It seems fitting. The world’s governments face a deadline at the end this month to reveal their goals for reducing carbon emissions ahead of a major U.N. conference in Paris. But with the deadline looming, the City of Light was itself choking this week in a thick blanket of smog.
You think maybe Mother Nature was trying to make a point?
Be it domestic or international, the politics of pollution and climate change are always contentious. In the U.S. this week, the Supreme Court heard the latest challenge to the Obama administration’s efforts to toughen environmental regulation. This time it was about toxic pollutants released by power plants.
Then there’s the case of Chinese journalist Chai Jing, which was truly outrageous. In case you missed it, her documentary, “Under the Dome,” went viral in China after it was released about a month ago. In style and impact, it was compared to Al Gore’s 2006 film “An Inconvenient Truth.” Estimates of the number of people who saw it ran into the hundreds of millions.
But little more than a week after the film was released on the Internet, censors shut it down. (You can still watch it here.) This happened even as a top scientist — in a rare, high-profile interview — warned of the huge impact climate change could have on China.
International diplomacy usually is more polite and process-oriented than the work of a Chinese censor. When it comes to fighting climate change, it’s often about trying to maneuver the other guy into being the first with the most. That hasn’t worked out so great.
The Paris gathering, which will take place in December, is meant to be different. Diplomats are striving for a comprehensive deal with mandatory limits on emissions. And in order to make clear how much work needs to be done to reach those goals, each country is supposed to declare a goal by March 31.
Of course, there are only a few of these reports that really matter: China and the U.S.; the European Union, India, Japan, Brazil, Russia, Canada, Australia, etc.
The EU announced its position earlier this month: By 2030, it will reduce emissions to 40 percent below the level of 1990. The U.S. says it will meet the March 31 deadline to make a pledge and is likely to be roughly in line with the EU, once different methodology is taken into account. But China and India say they won’t be ready until mid-year.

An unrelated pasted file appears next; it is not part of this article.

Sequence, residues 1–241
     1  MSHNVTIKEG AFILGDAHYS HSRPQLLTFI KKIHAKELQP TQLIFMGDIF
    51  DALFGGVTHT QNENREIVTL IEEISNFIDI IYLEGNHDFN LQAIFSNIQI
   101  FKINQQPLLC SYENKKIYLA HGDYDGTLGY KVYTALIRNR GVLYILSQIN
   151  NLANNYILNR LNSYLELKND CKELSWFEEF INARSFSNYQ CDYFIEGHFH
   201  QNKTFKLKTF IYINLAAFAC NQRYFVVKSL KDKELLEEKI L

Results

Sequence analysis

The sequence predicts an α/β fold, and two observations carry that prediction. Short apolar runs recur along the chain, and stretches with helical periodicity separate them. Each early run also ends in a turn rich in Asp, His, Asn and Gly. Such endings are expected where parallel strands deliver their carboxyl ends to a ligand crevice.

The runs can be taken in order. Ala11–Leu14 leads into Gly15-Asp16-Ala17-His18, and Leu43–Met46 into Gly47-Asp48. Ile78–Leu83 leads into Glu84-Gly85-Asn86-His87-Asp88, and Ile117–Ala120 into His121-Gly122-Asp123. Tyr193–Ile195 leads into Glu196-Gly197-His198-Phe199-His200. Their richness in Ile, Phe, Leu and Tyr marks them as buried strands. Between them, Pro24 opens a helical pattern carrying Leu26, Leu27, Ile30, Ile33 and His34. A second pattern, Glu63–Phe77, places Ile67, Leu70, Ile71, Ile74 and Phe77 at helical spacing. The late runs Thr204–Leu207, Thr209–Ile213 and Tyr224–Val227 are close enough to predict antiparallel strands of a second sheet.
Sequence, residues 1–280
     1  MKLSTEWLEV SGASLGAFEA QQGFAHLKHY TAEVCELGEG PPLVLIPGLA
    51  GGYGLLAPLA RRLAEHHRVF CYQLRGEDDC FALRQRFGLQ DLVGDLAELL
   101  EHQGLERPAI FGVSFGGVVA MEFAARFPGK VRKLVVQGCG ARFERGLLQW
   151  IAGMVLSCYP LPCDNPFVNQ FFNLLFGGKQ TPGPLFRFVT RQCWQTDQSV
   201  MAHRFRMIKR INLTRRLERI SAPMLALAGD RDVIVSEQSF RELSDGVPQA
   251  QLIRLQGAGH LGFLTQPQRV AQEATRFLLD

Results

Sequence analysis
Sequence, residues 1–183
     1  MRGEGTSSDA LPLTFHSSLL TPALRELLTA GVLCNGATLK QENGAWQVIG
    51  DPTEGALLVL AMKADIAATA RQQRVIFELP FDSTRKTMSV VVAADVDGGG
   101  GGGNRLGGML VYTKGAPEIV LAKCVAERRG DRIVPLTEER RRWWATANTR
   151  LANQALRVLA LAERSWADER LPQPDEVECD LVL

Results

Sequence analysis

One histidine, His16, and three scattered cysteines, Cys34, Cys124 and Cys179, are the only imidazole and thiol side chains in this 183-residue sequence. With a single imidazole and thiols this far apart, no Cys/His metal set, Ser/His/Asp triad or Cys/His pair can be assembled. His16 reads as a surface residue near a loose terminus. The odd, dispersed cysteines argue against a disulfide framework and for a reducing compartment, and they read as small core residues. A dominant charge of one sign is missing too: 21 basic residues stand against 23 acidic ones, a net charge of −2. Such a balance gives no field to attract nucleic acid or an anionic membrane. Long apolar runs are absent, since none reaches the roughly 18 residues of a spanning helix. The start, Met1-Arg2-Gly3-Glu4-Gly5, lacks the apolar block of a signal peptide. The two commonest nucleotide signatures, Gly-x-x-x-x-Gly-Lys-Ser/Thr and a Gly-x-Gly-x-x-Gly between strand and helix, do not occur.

Then, there is the question of whether the limits should be something less than mandatory.
You could almost guarantee that officials trying to keep the process moving would find a silver lining or two. In this interview, the chief U.S. climate negotiator acknowledges that one could wish for more, but finds the projected pledges not so bad. He even finds some positive things to say about China’s expected pledge that its emissions will peak in 15 years – a point at which it also will be getting 20 percent of its energy from renewable sources and nuclear power.
At the same time, EU climate chief Miguel Arias Canete is saying that the conference won’t be a failure even if the pledges fail to reach the stated goal: keeping the increase in Earth’s temperature to the key marker of 2 degrees centigrade.
If that sounds like the same-old same-old, a few small signs of hope also have popped up this month — not that even the most sunny optimist thinks we’ll get out of this without more damage.
As frustrating as they are to watch, the U.N. and the world’s diplomats do real work in representing mankind — which has a habit of getting its act together only in a crisis (and sometimes not even then). The crisis is upon us, and the diplomats are starting to act. This discussion already seems more focused. What they come up with in Paris is almost certain to be inadequate, but it will be a start.
Meanwhile, worldwide emissions actually leveled off in 2014, compared to a year earlier.
Beijing, world famous for its gray-brown skies, is shutting down its coal-fired power plants.
And at the same time, technological innovations are boosting efficiency and making renewable energy much cheaper, for individuals as well as large commercial customers. Governments are finding ways to encourage the transformation.
A figure no less than Gore himself is changing his tune. Perhaps you saw this recent New York Times piece. He prefers now to talk about the exponential growth in wind and solar power, how their use is spreading to places like Bangladesh and the Persian Gulf, and about how fast their cost has dropped.
Here’s the money quote from that interview. Even if you’ve already seen it, it’s worth repeating, if only for the novelty: “We’re going to win this. The only question is how long it takes.”